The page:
How do you unwind from that?
I learned from our intimacy coordinators. They always have different ways of making you feel like when you go into doing an intimate scene with someone that you're not yourself, but you're the character. And then there's different ways you can do little taps or you can hug or you can create a certain thing in advance so when you do that, where you're like, “OK, I'm back in myself.”
Days that are heavier mentally and physically, it’s nice to do that preparation even for scenes that are not intimate, per se. I've stolen that from them, and to me, I feel like that works and disassociating yourself from what happens. When you act, you can grasp intellectually that you're acting, but your body doesn't know that. So if you're doing something where you’re being pushed or you're being kicked or you’re being dragged around or people are screaming at you or people are holding you and it hurts, your body doesn't know that the trauma it's experiencing is just you acting. So in that sense, I felt like a similar way that I want my body to feel that when I do an intimate scene, it's not Frida, it’s Freydis.
You have a particularly epic battle scene at the end of the new season. Did that fight require special training?
That was incredible. It was really hard because the actor who I do the scene with— I'm not gonna say who it is so we avoid spoilers— was probably one of the people I became the closest to. It was really heart wrenching going through that day and knowing that was going to be our last scene together. It also meant that we got like three months of preparing the stunt together. It really helps when you love the people that are punching you in the face with a shield. So in that aspect, I was really thankful that we got to do such an epic scene together.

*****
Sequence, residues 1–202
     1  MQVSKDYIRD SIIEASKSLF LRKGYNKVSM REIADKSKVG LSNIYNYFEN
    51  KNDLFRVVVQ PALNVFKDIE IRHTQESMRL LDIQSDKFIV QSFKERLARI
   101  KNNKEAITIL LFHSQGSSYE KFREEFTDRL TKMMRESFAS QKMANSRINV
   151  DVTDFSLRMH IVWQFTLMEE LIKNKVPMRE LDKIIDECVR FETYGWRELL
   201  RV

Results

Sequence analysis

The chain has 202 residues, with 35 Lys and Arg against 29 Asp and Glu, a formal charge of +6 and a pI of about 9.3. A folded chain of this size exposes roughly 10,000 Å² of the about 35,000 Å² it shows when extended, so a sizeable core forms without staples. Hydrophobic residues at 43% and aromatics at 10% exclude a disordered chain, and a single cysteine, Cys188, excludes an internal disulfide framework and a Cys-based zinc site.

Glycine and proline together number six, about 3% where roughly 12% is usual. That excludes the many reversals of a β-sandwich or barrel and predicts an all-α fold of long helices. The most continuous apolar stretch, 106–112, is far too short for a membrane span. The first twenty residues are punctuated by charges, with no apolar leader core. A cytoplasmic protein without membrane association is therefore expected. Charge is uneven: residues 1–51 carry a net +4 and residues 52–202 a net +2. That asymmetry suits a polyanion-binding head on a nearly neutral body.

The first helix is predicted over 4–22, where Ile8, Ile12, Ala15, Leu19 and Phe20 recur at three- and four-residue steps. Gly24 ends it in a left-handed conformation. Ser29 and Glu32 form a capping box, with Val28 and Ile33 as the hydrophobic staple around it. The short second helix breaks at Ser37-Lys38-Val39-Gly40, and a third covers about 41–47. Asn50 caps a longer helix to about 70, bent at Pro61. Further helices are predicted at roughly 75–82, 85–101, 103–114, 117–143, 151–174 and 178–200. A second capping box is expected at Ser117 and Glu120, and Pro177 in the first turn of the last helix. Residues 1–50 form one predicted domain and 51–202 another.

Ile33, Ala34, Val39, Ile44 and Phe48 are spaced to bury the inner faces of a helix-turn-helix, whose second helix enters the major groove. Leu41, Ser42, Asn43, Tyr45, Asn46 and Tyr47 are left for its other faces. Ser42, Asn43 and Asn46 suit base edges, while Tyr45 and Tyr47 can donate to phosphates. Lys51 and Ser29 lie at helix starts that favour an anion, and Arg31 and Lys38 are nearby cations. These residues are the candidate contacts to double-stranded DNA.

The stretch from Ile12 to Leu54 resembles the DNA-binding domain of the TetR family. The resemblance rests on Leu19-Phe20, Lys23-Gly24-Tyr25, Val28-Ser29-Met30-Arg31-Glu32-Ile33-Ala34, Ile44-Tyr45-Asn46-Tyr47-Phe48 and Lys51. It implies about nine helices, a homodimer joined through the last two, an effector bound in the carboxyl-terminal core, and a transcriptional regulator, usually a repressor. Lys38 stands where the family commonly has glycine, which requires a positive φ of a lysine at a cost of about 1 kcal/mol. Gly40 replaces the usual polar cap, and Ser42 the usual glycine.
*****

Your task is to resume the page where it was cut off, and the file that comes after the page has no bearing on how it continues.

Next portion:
What were your initial thoughts when you first read the script for that scene?
I was glad that it got to be me because I know that there were a lot of other characters aiming for that one person. What I love about Jeb is that he has the opportunity to create the rich tapestry where we as actors, we have to focus so much on the themes that are on that day so we can deliver them as truthful as possible. We can’t always have the bigger arcs in our heads. It's just so wonderful to see how the end of season two has this beautiful tie to the very first episode of season one. And I think that was a really beautiful journey for both Freydis and this other character and that we got to start off with such incredible hostility and that we brought them back together after 16 episodes.
Looking back at season one, the show dominated on Netflix. Why do you think people connect so much with a series that takes place centuries ago?
What I think is really interesting about historical dramas is you learn that the clothes change, but the people are pretty much the same. That was something that I really loved about these characters, that they're so human, they're so real. We're trying to just do the same things that people are doing today. You want to be loved. You want to be safe. You want to be around people that you love, you want them to feel good. You want to be able to express your own emotions and to have the right to express your own beliefs.
This interview has been edited for length and clarity.
Photography by: Jason Bell / Netflix; Bernard Walsh/Netflix; Courtesy of Netflix